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6 Ways Parents Can Help Their Child Practice Piano

If you found this post, most likely you signed your child up for piano lessons (or are thinking about it) and want to know how you can help your child practice piano at home.

If that's the case, this is the post for you!

Home practice is critical for the development of a budding musician. Unlike other extracurricular activities where the learning and the practicing occur at the event, learning to play the piano requires consistent home practice. The weekly lesson serves as the check-in point.

My lessons always include a review of old material, the learning of new concepts, and then practicing those new concepts inside a piece of music. I prepare my students for home practice by teaching them how to practice, giving them specific tips for their assignments, and establishing specific weekly goals.

Over my years of teaching, I've had this question asked of me by the occasional parent of my students. If one parent has this question, I figured others might have it as well. If you want your child to make musical progress, helping them practice is the best thing you can do for them!

With that in mind, I've compiled 6 ways parents can help their child practice piano.

Student at a piano; Photo by Juan Pablo Serrano Arenas from Pexels

Prepare the Environment

1. Gather all necessary materials in the same place.

Store their lesson books, pencil, metronome, and lesson notes near the piano. If your child studies with me, have a dedicated device for your child's practice sessions so they can use the Practice Space App, which serves as a lesson assignment notebook and practice record keeper.

2. Create a quiet-ish environment for distraction-free practice sessions.

The home doesn't need to be completely devoid of sound. However, practicing in the same room with a blaring TV can be challenging. Try to have your instrument in a room where daily dedicated practice and concentration can occur.

Without being a helicopter parent, from the corner of your eye occasionally observe your younger child playing the piano. Check to see if they are sitting at the piano with proper positioning and playing with curved fingers. Gently remind them to make any needed corrections so they don't form any bad habits away from their lesson time.

Prepare the Mind

3. Develop a practice plan.

Help your younger students find and mark the assigned pages to practice so they can easily find their assignments.

Early intermediate students might need your help creating a practice plan for the week. (A practice plan creates bite-sized daily goals that help the student accomplish the large weekly goals.)

Advanced students might need your listening ear for feedback on their playing or emotional encouragement when difficult passages feel insurmountable. For more advanced students, have them create a practice plan for the week, mapping out what they will practice each day to reach their weekly goals.

4. Help your child find a consistent time in the day to practice.

Thinking about "habit stacking" your child's practice time. Think of an activity they do everyday and peg their practice time to that activity. Perhaps, after school immediately after their snack is the best time to practice. Or maybe it is while you are cooking dinner, after dinner, or after their homework is complete. For motivation, try utilizing a practice chart. If they are in my studio, use the Practice Space App to track their practice, earn rewards, and try to reach the top of the leaderboard. More advanced students might find benefit is making using of a practice log where they track their progress and notate what did and didn't work in their practice session.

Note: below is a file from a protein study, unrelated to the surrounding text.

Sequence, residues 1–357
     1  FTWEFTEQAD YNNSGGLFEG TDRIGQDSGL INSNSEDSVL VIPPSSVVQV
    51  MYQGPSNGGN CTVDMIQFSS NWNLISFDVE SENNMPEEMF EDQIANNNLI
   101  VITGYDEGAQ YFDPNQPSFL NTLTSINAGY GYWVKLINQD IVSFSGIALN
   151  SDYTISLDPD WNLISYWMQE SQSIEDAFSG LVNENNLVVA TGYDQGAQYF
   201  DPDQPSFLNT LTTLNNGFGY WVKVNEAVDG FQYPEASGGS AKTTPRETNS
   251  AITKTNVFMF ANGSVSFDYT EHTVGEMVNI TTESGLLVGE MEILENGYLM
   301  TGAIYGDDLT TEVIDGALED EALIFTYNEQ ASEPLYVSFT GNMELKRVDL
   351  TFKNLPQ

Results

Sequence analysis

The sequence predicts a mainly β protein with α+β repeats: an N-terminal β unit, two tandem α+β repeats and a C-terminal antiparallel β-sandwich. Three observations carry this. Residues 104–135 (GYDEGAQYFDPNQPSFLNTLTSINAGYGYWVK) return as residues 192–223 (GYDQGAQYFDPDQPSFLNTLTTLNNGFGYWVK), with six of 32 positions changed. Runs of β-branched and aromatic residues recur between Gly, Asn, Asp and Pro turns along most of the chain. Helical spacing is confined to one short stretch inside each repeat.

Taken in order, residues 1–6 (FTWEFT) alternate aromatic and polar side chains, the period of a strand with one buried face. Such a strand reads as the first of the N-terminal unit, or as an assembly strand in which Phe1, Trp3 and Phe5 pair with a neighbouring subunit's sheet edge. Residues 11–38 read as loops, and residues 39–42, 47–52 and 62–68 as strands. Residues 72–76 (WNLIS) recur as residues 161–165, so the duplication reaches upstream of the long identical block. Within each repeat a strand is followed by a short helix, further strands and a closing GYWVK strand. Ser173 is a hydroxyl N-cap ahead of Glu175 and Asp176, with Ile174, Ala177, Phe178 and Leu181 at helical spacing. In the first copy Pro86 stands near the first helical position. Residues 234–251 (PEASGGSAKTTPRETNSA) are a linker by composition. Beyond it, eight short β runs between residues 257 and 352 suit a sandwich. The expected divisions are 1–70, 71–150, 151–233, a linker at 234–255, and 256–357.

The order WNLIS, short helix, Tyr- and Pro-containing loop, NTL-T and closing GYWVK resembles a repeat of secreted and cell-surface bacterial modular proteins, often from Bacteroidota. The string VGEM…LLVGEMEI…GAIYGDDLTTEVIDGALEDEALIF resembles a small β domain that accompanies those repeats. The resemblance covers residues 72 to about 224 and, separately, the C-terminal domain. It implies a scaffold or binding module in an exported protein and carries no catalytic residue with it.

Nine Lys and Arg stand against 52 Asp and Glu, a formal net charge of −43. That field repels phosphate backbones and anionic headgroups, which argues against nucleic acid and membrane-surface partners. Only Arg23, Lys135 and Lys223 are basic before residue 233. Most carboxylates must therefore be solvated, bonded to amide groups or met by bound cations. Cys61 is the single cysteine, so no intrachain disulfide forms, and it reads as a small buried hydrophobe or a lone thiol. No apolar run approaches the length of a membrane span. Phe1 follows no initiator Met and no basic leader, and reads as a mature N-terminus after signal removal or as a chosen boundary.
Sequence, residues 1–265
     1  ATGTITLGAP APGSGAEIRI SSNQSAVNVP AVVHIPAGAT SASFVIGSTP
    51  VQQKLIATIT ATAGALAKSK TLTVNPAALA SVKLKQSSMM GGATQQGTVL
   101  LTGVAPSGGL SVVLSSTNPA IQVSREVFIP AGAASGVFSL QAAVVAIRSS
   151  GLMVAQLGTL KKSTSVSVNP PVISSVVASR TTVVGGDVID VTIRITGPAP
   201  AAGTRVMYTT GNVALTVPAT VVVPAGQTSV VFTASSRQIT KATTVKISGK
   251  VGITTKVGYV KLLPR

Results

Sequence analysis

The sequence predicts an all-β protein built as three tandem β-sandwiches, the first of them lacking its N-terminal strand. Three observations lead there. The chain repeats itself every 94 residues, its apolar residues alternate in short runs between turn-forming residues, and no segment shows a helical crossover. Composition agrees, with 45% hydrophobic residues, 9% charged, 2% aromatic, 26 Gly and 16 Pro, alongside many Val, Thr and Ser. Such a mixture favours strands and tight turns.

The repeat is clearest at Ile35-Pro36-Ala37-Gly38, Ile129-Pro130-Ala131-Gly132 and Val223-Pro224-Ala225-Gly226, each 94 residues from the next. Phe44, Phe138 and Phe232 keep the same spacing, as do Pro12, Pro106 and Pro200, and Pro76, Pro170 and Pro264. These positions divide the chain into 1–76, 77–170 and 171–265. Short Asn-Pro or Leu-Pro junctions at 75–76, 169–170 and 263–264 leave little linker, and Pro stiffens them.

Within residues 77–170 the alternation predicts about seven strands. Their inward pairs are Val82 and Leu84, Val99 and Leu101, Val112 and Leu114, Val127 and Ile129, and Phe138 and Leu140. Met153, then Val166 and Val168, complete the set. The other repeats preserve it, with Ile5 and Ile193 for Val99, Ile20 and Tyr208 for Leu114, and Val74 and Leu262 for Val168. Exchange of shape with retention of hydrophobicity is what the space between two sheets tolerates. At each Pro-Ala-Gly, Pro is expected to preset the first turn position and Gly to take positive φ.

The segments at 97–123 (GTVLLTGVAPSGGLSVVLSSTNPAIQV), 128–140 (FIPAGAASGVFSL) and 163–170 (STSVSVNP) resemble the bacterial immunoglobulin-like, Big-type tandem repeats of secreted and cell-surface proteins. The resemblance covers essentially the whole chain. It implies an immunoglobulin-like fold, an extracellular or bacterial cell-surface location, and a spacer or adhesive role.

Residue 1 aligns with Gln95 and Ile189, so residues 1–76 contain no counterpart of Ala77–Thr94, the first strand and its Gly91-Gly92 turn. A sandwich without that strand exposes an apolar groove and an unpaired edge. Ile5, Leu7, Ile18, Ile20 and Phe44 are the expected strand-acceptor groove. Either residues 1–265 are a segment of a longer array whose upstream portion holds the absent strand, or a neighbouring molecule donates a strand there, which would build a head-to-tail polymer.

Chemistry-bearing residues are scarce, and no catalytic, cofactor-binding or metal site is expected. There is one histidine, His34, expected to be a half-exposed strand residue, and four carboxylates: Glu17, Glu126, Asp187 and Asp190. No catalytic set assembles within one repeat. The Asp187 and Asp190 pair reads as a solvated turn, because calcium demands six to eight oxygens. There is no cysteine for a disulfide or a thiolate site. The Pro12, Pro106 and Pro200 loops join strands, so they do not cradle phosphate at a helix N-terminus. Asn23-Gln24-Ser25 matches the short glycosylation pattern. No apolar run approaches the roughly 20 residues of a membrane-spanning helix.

Prepare the Heart

5. Be an occasional observer and encourager of your child's musical growth.

Ask your child to play their lesson assignment for you. Be genuinely curious about what they are learning and how they are progressing. Ask them about their favorite songs or about what they currently find challenging. These questions encourage students of any age.

6. Be a consumer of music at home.

Listen to it all! From classical to rock, jazz to funk. Develop a love for music in the home. Listen to music in the car, in the kitchen, and while doing chores. Throw dance parties to pop music AND classical music. Attend concerts of all kinds; free Summer bandstand concerts as well as classical performances.

Boy at the piano during a piano lessons

Let Your Child Lead the Way

As a parent, if you are wondering how you will find the time to assist your student practice, as a mother of six I intimately know the struggle! Parents juggle a myriad of responsibilities.

Please remember that it is not your work to convince your child to practice. In fact, depending on the age of the student, it is preferable that your child be motivated on their own. When they follow up with practicing on their own they grow in their confidence to keep their commitments, in pride of their accomplishments, and in their sense of self-trust. However, by following these suggestions you will have created an environment in which your child will be set up for success.

If you came across this article and are looking for an online piano teacher, contact me to schedule a Free Discovery Call to see if I would be a good fit for you!


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